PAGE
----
• To figure out collision detection for the diffent sprites candidate for the move-drawing algorithm, I used specific masks for each seperate sprite x-position bounding box. Because the sprite is drawn with move instructions, the drawing always affects 16 pixel blocks per time; yet not every 16 pixel block is touched when drawing a sprite. Masks displayed below for positions 0..15:
  • I used a visual representation, by generating each of the 360 frames of the sprites waveform in order to do visual inspection, as well as to provide some practical overview of what my solution would look like. I did both the analysis of the frames, as well as generating the visual representation using PHP on a modern PC.

By using metrics to determine if one solution is better than the other, I was able to bruteforce a bunch of solutions for each frame and basically take the most optimal one. Aside from the actual data used to make the actual sprite record demo, the output of my data analysis looks like:

Sprite movement overlap and analysis

The sprites displayed each frame are the sprites that remain from the n-2'th frame (due to double buffering), and that need to be cleared. The red masks are the masks as displayed above, that represent the `most optimal solution found so far' of sprites to be drawn using move instructions for this frame.

The metrics, from left to right:

  • move (green): number of sprites using move, instead of or out of the total number of sprites
  • before (red): number of blocks to clear, originally
  • after (blue): number of blocks to clear, when the sprites when using move for sprites
  • profit (green): number of clears saved
  • fm (blue): frame number out of the total number of frames

Considering I am using a (stupid) brute force approach, and the number of combinations for each solution is huge, I know fairly certain that my dataset used for my sprite record demo, is certainly not the most optimal one. But I guess, that the margin between the most optimal solution, and the one I found, would not make up the gap between Leonards 312 and my 268 sprites.

With 268 sprites, it would get down to around 598 cycles per sprite, whereas Oxygene's is at 514 cycles per sprite...

So I wondered what the next big improvement step should be.

One day Leonard, one day!

Im fairly certain that I could have dragged a few more sprites out of my current approach;

  • I currently `nop' out about 2 to 3 scanlines worth of CPU time, I could have used this for drawing at least one more sprite :)
  • I have about 30kb memory that can be spend towards using a more CPU-friendly datastructure or using explicit instructions (single clear operations f.e.)
  • By actually implementing a smart search algorithm for the optimal solution, may have saved me a sprite or so

But it is clear that this effort would not yield the 40-odd needed sprites to usurp the current record holder. So, something must be missed out on. And after nosing around a bit, it dawned on me...

Many, many sprites overlap. One way to get advantage out of this, is to distribute the sprites in two buckets,

  1. drawing by move
  2. drawing by or

But instead of focusing which sprites do NOT overlap, and place these in the move bucket; we can also determine which sprite DO overlap. To then determine, which sprites have to be drawn completely, and which sprites do NOT have to be drawn completely, because the appropriate pixels that make up the complete sprite, have already been drawn... And this is what Leonard has done in order to get ot the 312 sprites per frame, two additional buckets...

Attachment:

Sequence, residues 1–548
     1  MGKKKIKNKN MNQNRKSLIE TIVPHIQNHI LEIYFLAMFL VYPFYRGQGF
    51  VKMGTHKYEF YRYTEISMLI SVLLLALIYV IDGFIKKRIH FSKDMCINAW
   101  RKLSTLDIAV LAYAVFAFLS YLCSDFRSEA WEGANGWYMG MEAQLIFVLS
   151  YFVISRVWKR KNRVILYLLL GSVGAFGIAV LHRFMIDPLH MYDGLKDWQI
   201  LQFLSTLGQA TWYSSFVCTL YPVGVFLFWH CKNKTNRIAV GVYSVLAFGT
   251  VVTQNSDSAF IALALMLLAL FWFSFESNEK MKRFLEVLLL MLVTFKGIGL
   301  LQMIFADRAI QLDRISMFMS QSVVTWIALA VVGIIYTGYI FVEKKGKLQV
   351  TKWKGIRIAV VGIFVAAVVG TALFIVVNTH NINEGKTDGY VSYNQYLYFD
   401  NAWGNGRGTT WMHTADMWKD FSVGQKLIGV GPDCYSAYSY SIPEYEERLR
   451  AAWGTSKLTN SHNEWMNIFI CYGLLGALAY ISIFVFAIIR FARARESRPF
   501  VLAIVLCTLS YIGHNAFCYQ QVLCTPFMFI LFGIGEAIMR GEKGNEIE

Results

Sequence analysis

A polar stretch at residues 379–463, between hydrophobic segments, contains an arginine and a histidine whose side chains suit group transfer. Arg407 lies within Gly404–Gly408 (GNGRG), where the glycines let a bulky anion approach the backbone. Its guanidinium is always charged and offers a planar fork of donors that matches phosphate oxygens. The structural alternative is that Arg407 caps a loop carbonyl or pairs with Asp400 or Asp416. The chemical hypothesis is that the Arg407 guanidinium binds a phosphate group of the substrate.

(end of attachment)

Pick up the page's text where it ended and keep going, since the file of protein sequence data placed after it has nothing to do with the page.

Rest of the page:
1. drawing by or top partial
  2. drawing by or bottom partial

And this is the next level step to come to par with the current sprite record giants!

Final words on sprite record (for now!)

On top of doing the hard analysis of the data crunching, one thing not mentioned to a big extend here, is the tradeoff between datastructures used to run the code. And generally the tradeoff is; the number of cycles saved in CPU time, comes from either larger code, or a larger (more redundant) data set. Adding additional differnet cases (partially drawn sprites, and in how many variations), will have direct impact on what kind of data structures you can employ in your code, and still remain under the 512kb memory limit. And smartly encoding data, to keep the data footprint down, will come again at a cost of cycles for decoding the data. In the end, it starts to become more of a compression problem (in a way) for a single task animation player, than a drawing sprites problem.

Its this interesting tradeoff between the various approaches that together make the most optimal solution. I have a strong belief that there is a single mathematical solution that can be proven to be the most optimal one, given the constraints imposed on us for this sprites challenge. However, I have (not by a long shot), been able to approach it in this elegant matter. I have come this far by going on my gut feeling, some guestimation, and a lot of blood sweat and tears.

For me, my explorations have led me to here. For now, the motivation to continue working on the frame analyzer and databuilder is lacking. I rather put the time and effort trying to share my discoveries done during my exploration of the sprite record rabbit hole. And considering its an intriging one, I am fairly certain that I will come back to it, one day...

So one day Leonard... One day!

And in the mean while, Atari coders out there, go have a stab at this topic!


Spkrites! sourcecode and all code referenced to in this article can be found at bitbucket.

Spkrites! Atari ST Demo

Questions, feedback or anything else; please contact me at spkr [at] smfx.st.